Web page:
Standing in Kettering’s Lighthouse Theatre last week during a visit to see the cast and backstage crew at this year’s big festive panto, I was amazed at just how much activity was going on so early in the day.
There was no show running at the time of my visit, but the stage was still packed with dancers frenetically squeezing in that bit of extra rehearsal time before the panto crowds arrived.
There were also technical crews buzzing around and putting everything in place ahead of the show and everything combined to produce a sense of preparation and hard work; a lot of which is never sensed when audiences arrive to witness on-stage frivolity.
This season, the theatre’s panto is Snow White And The Seven Dwarfs, starring dancer extraordinaire Russell Grant. But the reason for my visit was to get an idea of how some of the behind-the-scenes magic is put together.
I was met by the well-known children’s entertainer Sean Rollason, who is playing Muddles.
As a comic “jester” character in the show, he is very aware that planned jokes have to be up-to-date and relevant to the audience.
He explained: “The script is written with room in it to put in topical jokes and jokes that contain local areas. We always make sure there are topical gags and when we get to rehearsals, things are added.”
The cast itself includes about 100 people, who all have to be rehearsed, fitted with appropriate costumes and who have to understand exactly what they are supposed to be doing on stage.
Sean explained: “There were open auditions for the kids and they have been rehearsing every Sunday at the Masque Theatre. There are seven teams of eight children and we need to rehearse a number four times.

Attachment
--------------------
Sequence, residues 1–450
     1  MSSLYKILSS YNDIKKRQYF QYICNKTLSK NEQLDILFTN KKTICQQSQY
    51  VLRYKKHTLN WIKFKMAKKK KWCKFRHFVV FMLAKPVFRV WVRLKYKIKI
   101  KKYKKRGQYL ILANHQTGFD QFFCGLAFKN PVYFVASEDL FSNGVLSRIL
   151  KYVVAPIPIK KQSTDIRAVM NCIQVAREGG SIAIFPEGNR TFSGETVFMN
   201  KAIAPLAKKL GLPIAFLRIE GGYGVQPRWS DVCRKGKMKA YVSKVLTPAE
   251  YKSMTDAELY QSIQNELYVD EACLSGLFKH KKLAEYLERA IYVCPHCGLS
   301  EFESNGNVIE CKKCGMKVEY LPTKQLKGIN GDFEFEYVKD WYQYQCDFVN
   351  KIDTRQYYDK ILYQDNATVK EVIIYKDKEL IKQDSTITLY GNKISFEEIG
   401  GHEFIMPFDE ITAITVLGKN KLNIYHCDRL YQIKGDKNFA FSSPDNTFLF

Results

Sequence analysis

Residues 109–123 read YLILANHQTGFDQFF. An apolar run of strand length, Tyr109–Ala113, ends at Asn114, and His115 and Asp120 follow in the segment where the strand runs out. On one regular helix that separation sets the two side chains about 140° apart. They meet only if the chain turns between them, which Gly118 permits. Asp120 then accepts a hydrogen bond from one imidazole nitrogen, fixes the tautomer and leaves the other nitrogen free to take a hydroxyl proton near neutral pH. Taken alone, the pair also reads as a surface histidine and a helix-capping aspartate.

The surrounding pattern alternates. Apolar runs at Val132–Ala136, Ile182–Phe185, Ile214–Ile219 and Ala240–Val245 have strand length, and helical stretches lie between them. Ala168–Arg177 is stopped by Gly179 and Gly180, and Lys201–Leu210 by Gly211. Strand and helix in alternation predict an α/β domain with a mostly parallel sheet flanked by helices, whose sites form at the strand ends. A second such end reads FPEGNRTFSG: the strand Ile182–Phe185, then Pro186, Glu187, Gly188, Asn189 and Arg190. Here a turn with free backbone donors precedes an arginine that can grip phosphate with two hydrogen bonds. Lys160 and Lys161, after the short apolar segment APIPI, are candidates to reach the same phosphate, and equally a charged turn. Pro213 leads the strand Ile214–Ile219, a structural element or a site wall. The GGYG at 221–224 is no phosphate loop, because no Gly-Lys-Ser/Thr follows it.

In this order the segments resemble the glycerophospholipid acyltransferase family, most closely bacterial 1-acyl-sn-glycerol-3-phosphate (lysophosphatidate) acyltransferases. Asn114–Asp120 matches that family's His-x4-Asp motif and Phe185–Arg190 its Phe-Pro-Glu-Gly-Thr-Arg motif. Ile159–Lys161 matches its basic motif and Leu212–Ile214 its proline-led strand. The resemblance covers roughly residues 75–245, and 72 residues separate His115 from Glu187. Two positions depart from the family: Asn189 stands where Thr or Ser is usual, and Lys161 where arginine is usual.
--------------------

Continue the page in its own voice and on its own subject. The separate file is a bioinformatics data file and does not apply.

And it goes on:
“As far as the children are concerned, we have licensed chaperones and the kids are never unattended.”
I managed to snatch a quick interview with dance captain Layla Dawn during one of the show rehearsals. This panto, unsurprisingly, has a dance focus due to the presence of former Strictly Come Dancing contestant Russell Grant, who takes parts in choreographed routines, accompanied by backing dancers. His former dance partner, Strictly’s Flavia Cacace, is also rumoured to be intending to visit one of the performances.
Layla said: “This is my second panto. I just graduated from college last year and have been working on a cruise ship for nine months. The dancing we do in the panto is similar, although with the cruise ship you do lots of different shows, not just one.
“I would say we start at about 9.30am, but get here early to warm up so we don’t get injured. We rehearse all day and sometimes don’t finish until 9pm. We have to make sure we warm up and stretch as our bodies are our lives. If we get injured we can’t do our jobs.
“We do get Christmas Day off and some of the girls will go home or see friends and family. Usually everyone’s family comes to enjoy the show.”
Kevin Tillett, who plays the panto Dame, Moppy, said: “People often overlook how hard the dancers work on stage but very often they will have more costume changes to fit in than the rest of us have.”